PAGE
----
Writers construct representations of people and events to suit their purposes. Once we understand this, we can evaluate the validity of those representations and decide whether we agree with them or not. In her Heywire audio story, Chelsey Landford speaks of the hardships facing dairy farmers. Explore her representations ...

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Just for girls? Daphne du Maurier's 'Rebecca'

Gender and its representation is a significant concern for many writers, readers and critics. Some dismissed Daphne du Maurier's 1938 novel 'Rebecca' as a romantic novel, but du Maurier insisted that she was exploring deeper issues of jealousy and power in relationships. Explore these different readings in this discussion. ...

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'Romeo and Juliet': growing up in a hurry

Act 3.2 in 'Romeo and Juliet' is a pivotal moment in Juliet's character development. Shakespeare manages to compress months of growing up into a single potent scene. Join James Evans as he explores Juliet's soliloquy from the beginning of this scene, and what it reveals about her coming of age, with Miranda Tapsell and ...

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'Romeo and Juliet': galloping towards tragedy

Have you ever waited for someone with such anticipation that you felt you might burst? That's exactly the feeling experienced by Juliet, played by Miranda Tapsell of Bell Shakespeare, in this soliloquy as she calls on night to arrive and bring her new husband. Shakespeare's masterful use of dramatic irony puts the audience ...

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'Julius Caesar': conspiracy and crime

In this early scene from Shakespeare's historical tragedy, Brutus and Cassius discuss Julius Caesar's right to rule. It acts as a prelude to the infamous conspiracy to assassinate Caesar. This performance by Hazem Shammas and Kate Mulvany of Bell Shakespeare reveals the persuasive power of language in Cassius' clever tongue ...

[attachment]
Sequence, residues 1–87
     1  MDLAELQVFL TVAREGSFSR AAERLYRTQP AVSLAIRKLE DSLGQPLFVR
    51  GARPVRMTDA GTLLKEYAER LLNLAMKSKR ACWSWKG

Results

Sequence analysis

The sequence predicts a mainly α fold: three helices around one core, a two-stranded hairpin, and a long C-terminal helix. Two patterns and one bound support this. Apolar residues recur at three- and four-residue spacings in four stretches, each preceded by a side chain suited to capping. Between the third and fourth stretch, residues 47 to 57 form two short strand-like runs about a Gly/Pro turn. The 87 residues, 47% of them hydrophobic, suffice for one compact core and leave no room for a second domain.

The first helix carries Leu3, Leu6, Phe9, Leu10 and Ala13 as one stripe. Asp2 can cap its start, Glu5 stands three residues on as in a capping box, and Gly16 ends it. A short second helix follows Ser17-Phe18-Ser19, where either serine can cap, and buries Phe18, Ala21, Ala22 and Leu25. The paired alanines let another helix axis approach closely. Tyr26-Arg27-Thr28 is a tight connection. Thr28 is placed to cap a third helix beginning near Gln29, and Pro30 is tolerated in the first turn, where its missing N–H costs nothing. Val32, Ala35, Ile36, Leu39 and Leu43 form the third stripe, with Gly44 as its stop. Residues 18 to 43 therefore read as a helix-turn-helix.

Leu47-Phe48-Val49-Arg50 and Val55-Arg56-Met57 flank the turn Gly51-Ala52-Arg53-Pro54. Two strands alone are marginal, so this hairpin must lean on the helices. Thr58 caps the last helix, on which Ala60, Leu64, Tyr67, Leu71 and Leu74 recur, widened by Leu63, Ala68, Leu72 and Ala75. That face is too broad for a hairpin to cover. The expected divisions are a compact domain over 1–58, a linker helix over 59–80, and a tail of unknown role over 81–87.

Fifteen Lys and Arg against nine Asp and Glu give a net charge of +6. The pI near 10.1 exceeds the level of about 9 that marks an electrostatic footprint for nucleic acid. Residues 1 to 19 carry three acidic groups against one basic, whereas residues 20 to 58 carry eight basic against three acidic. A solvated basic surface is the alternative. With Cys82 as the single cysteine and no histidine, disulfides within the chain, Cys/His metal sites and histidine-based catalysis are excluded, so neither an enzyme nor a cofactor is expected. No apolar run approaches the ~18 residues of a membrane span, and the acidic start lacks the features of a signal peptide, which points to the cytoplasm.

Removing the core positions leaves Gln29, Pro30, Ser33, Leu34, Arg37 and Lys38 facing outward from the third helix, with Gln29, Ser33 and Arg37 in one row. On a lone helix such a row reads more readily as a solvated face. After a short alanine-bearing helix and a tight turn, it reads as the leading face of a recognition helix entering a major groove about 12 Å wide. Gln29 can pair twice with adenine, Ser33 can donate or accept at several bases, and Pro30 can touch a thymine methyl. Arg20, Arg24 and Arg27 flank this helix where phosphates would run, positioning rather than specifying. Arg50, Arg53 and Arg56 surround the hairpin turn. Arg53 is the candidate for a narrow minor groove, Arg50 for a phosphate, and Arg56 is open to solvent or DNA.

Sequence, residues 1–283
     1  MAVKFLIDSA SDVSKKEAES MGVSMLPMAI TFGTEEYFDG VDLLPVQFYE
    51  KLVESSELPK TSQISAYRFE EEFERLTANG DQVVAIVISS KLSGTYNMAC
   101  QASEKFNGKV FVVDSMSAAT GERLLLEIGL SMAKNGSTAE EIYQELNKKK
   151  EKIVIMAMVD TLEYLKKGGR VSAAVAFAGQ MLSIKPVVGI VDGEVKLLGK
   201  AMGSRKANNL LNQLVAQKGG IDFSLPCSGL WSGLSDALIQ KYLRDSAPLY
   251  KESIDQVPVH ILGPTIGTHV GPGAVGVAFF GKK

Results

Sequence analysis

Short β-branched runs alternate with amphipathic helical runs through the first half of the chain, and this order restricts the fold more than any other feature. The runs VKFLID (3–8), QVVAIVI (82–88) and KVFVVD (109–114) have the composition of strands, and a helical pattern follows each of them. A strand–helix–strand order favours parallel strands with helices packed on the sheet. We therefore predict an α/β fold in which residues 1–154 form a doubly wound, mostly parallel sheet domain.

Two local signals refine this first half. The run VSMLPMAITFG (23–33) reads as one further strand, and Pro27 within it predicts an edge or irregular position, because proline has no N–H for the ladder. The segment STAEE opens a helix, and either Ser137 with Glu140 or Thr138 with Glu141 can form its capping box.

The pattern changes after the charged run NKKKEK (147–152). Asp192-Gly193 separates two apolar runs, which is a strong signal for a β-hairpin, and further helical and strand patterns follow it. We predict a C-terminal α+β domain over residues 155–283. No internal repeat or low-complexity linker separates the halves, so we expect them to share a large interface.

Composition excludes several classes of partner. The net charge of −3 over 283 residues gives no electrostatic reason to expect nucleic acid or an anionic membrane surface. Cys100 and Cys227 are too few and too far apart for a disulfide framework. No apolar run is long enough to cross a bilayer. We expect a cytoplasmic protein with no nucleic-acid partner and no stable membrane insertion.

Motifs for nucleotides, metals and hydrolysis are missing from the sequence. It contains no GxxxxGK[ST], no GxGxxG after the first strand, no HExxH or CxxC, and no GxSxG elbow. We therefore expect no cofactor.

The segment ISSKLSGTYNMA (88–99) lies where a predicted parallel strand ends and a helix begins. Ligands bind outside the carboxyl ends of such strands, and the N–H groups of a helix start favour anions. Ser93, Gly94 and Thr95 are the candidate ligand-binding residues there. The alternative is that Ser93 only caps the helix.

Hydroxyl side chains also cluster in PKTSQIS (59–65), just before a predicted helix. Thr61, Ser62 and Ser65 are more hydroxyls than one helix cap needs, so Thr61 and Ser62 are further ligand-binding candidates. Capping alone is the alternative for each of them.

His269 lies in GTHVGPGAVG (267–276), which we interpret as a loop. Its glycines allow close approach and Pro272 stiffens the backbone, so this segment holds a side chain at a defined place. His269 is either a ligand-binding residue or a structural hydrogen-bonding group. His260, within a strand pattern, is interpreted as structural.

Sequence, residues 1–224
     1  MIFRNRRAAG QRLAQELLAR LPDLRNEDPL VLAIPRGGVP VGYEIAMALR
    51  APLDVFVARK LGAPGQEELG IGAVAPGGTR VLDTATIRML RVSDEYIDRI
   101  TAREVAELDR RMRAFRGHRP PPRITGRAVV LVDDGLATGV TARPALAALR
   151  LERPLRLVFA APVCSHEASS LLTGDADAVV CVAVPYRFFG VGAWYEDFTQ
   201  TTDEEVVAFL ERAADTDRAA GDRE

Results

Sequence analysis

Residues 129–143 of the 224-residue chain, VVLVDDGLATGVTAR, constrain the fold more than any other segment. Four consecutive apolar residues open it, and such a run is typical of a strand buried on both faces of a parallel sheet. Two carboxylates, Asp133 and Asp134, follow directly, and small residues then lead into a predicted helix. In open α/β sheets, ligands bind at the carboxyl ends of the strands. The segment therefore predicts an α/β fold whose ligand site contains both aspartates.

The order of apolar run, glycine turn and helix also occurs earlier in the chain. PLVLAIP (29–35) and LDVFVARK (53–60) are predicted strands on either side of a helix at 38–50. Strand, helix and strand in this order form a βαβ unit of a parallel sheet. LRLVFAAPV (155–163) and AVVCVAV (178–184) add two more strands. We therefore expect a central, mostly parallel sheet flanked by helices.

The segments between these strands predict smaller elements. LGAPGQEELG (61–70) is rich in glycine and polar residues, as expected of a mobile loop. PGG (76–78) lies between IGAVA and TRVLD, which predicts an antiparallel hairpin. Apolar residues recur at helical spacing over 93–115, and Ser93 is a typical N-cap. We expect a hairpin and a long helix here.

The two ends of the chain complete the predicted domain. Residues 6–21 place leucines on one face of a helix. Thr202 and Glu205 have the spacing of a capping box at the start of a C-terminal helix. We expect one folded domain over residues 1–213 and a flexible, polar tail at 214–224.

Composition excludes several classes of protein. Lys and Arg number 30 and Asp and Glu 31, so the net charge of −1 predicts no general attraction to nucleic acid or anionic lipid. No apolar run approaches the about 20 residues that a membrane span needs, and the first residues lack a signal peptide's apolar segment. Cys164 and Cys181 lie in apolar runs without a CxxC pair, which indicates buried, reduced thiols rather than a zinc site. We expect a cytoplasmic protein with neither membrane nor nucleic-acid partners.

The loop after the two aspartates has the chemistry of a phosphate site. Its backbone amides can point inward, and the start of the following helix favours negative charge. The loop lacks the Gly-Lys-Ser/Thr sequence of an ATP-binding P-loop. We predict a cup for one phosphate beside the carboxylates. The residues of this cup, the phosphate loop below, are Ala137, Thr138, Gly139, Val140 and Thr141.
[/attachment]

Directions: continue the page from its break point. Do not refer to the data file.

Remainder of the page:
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'The Tempest': the island of grief

Caliban, the half-human antagonist of 'The Tempest', is often depicted as monstrous. Yet, modern readings of the play characterise him more sympathetically, particularly when viewed through a postcolonial lens. Join Bell Shakespeare's James Evans as he discusses with John Bell how Prospero's treatment of Caliban reflects ...

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'Othello': is Iago the vilest villain?

Some characters we just love to hate! Iago, the villain in Shakespeare's 'Othello', is a perfect example: scheming, manipulative but oh-so-clever. James Evans and actor Damien Ryan both of Bell Shakespeare, discuss the complex role of Iago. Evans explains just how skilfully Shakespeare employs language to fashion the dark ...

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'Othello': 'tis a wrong in your own world

What's good for the goose is good for the gander, so the saying goes. But does everyone agree with this? In Act 4, scene 3 of 'Othello', Emilia and Desdemona discuss the concept of fidelity. In doing so, they raise moral questions about gender and equality in Shakespeare's times. Listen as Kate Mulvany and Eryn-Jean Norvill ...

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'Othello': was Shakespeare a feminist?

Shakespeare seems to have a complicated relationship with his female characters. Some of his heroines are quite timid and compliant while others are complex and strong. Here, James Evans and Kate Mulvany from Bell Shakespeare explore Emilia's impassioned speech to Desdemona in Act 4, scene 3 of 'Othello'. They consider ...

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'Hamlet': torment and tragedy

Hamlet is one of Shakespeare's most tormented tragic heroes. Unlike the protagonists of most other tragedies, Hamlet begins the play in a state of anguish. In this early soliloquy, the audience learns why. Tom Conroy from Bell Shakespeare realises Hamlet's agony in this moving excerpt from Act 1, scene 2.